At Home in The Universe:
The Four Seasons of Teruko Wilde
Teruko Wilde’s landscapes speak of a yearning for connection to the earth. Other artists may create a window on the world that invites the viewer into a measured space, but Wilde allows the scene to become a part of her being. Responding with emotion, she takes in the vast country of northern New Mexico and expresses its primal grandeur with color, physical sweep, and abstracting forms. Between the infinite horizon and the finite human presence lies the heart.
Any visitor to Taos enters into a land with its immense scale and expanse that exceeds ordinary perception. Seeming but a split in the surface, the Rio Grande Gorge is a geological rift in the continent, in which one side pulls away from the other. Defying intimacy, this sublime land makes an individual sense the curve of the planet, reminding us of just how insignificant we really are. Yet our capacity for creation is equal in its magnitude.
Diminutive in size, Wilde has the imaginative intensity to engage with this awesome place, in which she finds a freedom that she seeks in her life. Born in Nagoya, Japan, Wilde came to Lebanon, Ohio, as a teenager with her mother and American GI stepfather. She would marry a chaplain’s assistant that she met while living in Germany with her family. Although she seriously studied art, Wilde only realized that she could devote herself to this passion on her 40th birthday. In 1986 steeled by her daughter’s support, she divorced her husband and headed west to follow her dream.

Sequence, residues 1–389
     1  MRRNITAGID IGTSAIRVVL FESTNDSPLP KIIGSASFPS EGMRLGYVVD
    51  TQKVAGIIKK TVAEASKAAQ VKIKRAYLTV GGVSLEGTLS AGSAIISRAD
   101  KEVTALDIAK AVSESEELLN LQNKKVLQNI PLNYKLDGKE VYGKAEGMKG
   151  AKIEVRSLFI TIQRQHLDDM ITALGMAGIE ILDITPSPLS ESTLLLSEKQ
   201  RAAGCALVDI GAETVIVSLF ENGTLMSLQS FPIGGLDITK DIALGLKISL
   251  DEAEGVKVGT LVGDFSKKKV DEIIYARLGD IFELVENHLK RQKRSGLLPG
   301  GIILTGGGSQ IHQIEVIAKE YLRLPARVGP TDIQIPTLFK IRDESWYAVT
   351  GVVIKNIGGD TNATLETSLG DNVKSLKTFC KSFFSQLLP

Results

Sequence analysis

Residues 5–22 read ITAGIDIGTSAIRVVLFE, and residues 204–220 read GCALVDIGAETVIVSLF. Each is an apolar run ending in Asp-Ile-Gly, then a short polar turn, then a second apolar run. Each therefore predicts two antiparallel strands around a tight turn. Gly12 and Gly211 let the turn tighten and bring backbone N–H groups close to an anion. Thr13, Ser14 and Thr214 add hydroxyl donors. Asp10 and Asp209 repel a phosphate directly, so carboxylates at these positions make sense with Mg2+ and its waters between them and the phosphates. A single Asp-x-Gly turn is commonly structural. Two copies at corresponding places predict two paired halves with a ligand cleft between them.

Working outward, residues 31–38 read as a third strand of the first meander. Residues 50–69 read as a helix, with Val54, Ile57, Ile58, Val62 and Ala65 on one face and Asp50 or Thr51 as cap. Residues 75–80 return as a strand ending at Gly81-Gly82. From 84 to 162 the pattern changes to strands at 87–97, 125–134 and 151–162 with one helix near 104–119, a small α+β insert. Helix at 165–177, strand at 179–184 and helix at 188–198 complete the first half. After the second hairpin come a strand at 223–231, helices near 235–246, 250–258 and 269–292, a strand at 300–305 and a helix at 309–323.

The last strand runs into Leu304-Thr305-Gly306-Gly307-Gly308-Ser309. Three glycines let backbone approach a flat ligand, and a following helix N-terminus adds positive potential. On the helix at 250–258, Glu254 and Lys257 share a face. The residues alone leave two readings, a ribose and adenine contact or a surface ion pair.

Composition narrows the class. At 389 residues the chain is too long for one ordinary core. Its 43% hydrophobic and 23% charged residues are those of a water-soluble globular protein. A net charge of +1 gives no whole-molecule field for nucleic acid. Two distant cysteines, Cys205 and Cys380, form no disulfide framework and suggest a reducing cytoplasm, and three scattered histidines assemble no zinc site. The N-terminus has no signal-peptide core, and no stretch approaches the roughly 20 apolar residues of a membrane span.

Through her life journey, Wilde developed an acute sense of place, heightened by an artist’s discernment and receptivity. Rather than alienation, her nomadic experience of geographical extremes sharpened her adaptability, so that this extraordinary landscape felt like home. As a painter, Wilde brings a stunningly unique interpretation based on repeated viewings over time. Finding an environment equivalent to her sensibility, Wilde captures the emotional effect of this big country directly.
Traditionally landscapes are divided into three articulated areas receding into the distance. Wilde dissolves this stage-like arrangement into areas of color. Befitting this high-desert area, her compositions are often a blend of plain and sky; but even when the canvas is filled with forest, the artist includes the sky in her color choices. While suggestive of the forms themselves, the colors seem to embody the light of the enveloping atmosphere. There is less of a sense of entering and more a quality of comingling or interpenetrating.